Then Julie did our first ever camera take of the series after the “baby oil” moment, something that can be hilarious but we seek to limit to a few choice moments per episode. It has to feel warranted. Then the scene has a lovely bookend as the carefree Phil exits the kitchen and Claire is back in that hallway shot, running into the fridge door again.
ME: The mockumentary genre of the show seems to hover between reality TV, with those sit-down interviews, and the family sitcom. Can you elaborate a bit about your role in helping create the documentary feel of the show?
R.C.: This show was a perfect fit for me because I love to cut as little as possible and give scenes a really natural feel. A lot of the signature style elements were discovered in the process of cutting this pilot. Like the car scenes – we had a simple lipstick cam of the car but also had additional angles in case we needed close-ups/to cut time. We found in the process that playing the car scenes in one choice take (and maybe just replacing audio in certain lines for better performances) was key and we continue to strive for that throughout the series. We also found a way to cut invisibly during pans that I still use to this day – because we wanted to use a one shot take of the scene of Cam and Mitch in the nursery scene but a different ending in their foyer. We cut when Cam wiped frame. I’m always figuring out fun ways to utilize the style but the template was set through cutting this pilot.
ME: The absence of a laugh track means that the viewer is freer to find the humour on their own (something I love about the show personally). When I’m watching, I feel like it’s almost as if the cuts themselves are the laugh track, or an omnipresent ‘judge’ of the family’s daily life. Would you agree with my sentiment? Can you provide any insight into how you make editing decisions to maximise the humour of the show?
R.C.: Good question. Laugh tracks to me are insanely distracting. Every viewer latches onto and laughs at something different. My goal is to pace the show in such a way that it allows every joke to land with the viewer, not speed past it. Reaction shots are also very important. With this show especially, it was about getting to really know the characters and their rhythms and embracing that to make a harmonious whole.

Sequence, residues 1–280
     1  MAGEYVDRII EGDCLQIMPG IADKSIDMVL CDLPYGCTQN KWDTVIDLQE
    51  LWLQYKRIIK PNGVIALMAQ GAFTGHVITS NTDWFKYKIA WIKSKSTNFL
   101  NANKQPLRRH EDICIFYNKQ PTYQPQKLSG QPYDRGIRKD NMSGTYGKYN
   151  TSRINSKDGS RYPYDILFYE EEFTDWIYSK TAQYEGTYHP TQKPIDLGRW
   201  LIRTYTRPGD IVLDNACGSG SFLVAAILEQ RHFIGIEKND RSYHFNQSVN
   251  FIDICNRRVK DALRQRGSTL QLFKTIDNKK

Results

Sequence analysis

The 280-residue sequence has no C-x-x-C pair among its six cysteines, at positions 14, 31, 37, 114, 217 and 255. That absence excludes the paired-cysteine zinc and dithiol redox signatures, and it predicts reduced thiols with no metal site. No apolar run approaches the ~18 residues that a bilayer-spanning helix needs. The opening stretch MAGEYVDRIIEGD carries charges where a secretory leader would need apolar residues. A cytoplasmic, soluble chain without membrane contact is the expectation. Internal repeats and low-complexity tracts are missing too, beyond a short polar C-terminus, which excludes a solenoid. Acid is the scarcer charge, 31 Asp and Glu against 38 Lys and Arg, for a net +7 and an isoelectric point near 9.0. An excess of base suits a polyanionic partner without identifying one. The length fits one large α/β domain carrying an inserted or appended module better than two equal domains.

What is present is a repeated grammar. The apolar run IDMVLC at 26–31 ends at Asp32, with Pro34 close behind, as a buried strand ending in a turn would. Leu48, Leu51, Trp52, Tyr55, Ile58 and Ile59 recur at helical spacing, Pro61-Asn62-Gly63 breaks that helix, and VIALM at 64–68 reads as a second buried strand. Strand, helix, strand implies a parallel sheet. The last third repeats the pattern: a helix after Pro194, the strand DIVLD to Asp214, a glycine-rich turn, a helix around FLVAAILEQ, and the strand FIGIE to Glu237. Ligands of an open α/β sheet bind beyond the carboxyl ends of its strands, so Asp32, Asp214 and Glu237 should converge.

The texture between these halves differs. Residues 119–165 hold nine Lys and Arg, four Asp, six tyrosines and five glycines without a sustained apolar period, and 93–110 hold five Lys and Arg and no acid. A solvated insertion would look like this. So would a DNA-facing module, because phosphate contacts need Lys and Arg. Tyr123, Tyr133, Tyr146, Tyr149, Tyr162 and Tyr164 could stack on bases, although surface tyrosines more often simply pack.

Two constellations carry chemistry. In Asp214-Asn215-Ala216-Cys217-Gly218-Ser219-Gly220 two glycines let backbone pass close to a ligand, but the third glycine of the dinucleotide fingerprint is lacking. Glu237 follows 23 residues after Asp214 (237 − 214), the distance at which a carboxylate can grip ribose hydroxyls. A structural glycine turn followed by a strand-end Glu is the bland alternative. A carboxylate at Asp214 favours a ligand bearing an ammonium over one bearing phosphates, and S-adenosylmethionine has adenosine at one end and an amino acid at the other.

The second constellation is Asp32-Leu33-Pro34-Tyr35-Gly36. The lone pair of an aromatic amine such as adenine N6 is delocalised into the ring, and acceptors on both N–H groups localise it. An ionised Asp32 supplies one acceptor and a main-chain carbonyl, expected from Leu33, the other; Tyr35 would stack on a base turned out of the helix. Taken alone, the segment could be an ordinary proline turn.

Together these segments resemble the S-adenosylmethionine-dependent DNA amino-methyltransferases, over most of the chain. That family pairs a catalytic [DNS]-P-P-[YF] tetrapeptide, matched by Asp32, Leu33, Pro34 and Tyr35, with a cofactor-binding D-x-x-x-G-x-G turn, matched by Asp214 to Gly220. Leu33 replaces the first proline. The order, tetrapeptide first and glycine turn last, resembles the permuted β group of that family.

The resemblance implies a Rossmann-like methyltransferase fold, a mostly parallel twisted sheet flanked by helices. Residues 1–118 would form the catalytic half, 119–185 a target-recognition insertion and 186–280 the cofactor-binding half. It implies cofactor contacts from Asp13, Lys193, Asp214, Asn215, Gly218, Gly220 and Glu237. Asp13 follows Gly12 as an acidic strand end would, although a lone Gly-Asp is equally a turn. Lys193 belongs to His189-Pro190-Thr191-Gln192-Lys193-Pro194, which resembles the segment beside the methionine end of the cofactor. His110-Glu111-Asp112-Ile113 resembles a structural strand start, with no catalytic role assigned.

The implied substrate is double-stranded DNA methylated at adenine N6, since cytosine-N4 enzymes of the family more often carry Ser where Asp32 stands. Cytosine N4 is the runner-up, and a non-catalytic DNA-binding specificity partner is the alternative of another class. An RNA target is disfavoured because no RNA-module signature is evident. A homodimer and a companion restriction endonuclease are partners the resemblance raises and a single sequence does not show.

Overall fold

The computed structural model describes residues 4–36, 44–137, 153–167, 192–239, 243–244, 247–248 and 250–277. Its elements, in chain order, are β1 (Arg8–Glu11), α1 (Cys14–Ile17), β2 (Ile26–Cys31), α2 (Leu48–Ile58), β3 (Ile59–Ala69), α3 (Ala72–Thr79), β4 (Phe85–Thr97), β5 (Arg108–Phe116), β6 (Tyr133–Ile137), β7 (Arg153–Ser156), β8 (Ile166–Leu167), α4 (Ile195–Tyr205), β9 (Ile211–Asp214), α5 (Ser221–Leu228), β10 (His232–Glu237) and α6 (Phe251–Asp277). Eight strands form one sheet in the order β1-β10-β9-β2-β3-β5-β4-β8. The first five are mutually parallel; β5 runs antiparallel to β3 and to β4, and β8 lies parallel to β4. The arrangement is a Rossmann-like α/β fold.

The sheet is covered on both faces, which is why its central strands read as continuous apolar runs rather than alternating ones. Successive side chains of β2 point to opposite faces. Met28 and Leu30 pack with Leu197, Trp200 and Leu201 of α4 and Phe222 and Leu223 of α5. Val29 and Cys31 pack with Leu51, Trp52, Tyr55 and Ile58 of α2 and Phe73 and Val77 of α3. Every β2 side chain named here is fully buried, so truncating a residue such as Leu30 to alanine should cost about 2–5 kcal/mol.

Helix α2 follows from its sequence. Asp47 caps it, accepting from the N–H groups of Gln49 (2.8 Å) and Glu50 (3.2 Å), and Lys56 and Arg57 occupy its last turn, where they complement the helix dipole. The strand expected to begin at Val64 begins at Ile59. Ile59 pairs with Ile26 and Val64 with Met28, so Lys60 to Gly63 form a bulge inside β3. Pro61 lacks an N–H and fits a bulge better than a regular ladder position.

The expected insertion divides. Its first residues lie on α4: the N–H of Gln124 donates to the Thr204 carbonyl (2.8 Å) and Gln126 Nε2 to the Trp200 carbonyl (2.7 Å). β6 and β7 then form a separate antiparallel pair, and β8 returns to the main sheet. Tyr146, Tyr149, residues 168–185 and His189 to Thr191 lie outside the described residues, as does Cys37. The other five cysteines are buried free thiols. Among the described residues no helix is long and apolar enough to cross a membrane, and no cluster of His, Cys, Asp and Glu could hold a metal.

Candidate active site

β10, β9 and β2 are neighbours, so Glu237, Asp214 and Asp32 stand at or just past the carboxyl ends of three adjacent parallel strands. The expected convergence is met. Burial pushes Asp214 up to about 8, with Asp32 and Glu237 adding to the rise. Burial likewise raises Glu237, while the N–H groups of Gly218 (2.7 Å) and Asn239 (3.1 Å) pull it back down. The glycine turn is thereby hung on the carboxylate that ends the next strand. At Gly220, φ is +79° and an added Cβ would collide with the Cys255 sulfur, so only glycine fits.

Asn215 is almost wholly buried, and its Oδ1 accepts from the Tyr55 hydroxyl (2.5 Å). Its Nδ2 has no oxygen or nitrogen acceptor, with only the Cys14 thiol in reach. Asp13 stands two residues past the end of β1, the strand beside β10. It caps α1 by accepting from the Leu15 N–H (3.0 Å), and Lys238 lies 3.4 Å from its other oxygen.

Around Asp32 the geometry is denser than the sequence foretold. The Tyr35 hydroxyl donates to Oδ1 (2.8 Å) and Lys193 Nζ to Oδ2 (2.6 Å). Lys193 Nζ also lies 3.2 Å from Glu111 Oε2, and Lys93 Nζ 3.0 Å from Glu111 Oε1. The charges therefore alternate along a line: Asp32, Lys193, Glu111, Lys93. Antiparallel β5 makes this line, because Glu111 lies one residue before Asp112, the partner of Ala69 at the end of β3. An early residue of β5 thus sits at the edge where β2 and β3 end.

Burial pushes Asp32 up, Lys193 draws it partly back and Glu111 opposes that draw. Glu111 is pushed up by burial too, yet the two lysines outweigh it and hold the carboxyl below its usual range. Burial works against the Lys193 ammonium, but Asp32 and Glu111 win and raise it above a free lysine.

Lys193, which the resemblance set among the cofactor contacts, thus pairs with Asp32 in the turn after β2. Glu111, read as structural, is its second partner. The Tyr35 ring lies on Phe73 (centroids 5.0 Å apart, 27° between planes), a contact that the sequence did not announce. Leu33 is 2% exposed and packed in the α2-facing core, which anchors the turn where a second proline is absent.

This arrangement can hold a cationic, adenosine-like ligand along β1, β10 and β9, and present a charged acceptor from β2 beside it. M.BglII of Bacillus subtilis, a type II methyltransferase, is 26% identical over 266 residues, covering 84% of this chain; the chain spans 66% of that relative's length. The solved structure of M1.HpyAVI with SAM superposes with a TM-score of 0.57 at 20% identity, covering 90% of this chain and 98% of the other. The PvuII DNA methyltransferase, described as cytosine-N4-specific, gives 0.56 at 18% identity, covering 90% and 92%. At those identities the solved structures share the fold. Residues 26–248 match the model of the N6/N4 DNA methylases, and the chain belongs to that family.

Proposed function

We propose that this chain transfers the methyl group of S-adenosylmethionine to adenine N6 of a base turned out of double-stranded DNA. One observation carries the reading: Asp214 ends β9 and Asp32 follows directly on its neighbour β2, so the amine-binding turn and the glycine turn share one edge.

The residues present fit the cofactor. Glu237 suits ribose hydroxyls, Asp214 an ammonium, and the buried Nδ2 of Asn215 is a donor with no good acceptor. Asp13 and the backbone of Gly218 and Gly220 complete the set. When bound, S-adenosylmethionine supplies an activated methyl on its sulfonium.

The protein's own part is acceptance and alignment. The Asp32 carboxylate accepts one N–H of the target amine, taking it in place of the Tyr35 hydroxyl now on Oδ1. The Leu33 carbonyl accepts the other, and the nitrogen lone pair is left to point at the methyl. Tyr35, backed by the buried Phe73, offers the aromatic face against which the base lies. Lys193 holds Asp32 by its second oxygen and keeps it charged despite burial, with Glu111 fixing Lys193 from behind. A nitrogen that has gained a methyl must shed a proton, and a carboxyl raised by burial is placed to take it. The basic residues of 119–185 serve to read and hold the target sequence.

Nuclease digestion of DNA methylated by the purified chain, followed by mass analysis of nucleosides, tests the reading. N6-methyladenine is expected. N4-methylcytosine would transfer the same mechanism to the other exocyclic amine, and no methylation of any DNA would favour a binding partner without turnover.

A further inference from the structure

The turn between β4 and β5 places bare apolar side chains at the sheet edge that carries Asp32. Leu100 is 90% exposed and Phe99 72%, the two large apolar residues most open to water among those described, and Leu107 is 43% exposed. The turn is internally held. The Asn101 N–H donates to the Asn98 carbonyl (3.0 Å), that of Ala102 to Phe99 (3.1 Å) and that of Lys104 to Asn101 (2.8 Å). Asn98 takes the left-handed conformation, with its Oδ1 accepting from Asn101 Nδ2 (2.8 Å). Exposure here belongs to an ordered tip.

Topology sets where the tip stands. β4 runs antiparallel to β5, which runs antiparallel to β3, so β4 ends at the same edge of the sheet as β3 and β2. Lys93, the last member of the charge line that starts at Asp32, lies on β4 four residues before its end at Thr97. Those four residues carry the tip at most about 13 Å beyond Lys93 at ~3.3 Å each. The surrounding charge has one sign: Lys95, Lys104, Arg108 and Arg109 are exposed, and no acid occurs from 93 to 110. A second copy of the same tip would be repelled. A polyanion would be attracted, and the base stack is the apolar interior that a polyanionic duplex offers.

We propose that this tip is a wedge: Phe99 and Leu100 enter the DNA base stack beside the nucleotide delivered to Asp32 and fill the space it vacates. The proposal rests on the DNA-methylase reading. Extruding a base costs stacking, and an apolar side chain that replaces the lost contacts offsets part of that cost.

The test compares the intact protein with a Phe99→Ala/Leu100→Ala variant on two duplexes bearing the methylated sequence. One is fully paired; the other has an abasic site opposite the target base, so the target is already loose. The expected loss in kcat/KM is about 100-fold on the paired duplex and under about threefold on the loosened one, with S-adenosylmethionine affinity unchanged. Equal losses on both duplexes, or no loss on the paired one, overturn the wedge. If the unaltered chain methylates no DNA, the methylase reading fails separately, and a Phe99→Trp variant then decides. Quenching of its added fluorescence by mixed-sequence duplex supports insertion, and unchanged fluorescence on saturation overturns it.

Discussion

The last scene is an entire act and is a great example of what Modern Family writers do best. These big whole family scenes are my favourite to cut. I play them at a pace that is quick and embraces the chaotic nature of it all until the big set piece joke comes along, in this case Cam’s Lion King moment, then I really indulge in the moment I know it was all leading up to. I drew out the Lion King moment by using a couple of great reactions, cutting to a side angle for some extra time, and really trying to get the maximum comedy impact here. Because everything was paced up until here, the moment feels earned. Then, when the whole family goes to greet baby Lily, I made sure to take the time to linger on shots that exhibited Jay feeling isolated from the family, to motivate his emotional turn, while still playing jokes like Phil talking about Lily pronouncing her own name in the foreground. Part of the fun of the show is mixing humor and emotion somewhere in every episode.
My goal is to pace the show in such a way that it allows every joke to land with the viewer, not speed past it.
I find that when I’m editing anything I like to watch what I’m cutting as a whole over and over again – it’s all about rhythm and that has to always be the goal – finding all your favorite shots and performances initially then really tweaking over and over to make it all flow.
Let me know if you have any other questions. Hope this helps! Thanks for giving me an excuse to rewatch the pilot – such a fun trip down memory lane.
And just like that… my assignment was done.